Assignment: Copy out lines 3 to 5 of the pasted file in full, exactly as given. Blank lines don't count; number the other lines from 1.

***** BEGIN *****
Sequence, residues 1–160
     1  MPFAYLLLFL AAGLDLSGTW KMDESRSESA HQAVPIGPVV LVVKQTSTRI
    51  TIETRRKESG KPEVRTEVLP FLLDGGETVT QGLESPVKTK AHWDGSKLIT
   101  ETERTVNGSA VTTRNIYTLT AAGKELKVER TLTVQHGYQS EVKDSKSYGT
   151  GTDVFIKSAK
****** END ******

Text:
    51  TIETRRKESG KPEVRTEVLP FLLDGGETVT QGLESPVKTK AHWDGSKLIT
   101  ETERTVNGSA VTTRNIYTLT AAGKELKVER TLTVQHGYQS EVKDSKSYGT
   151  GTDVFIKSAK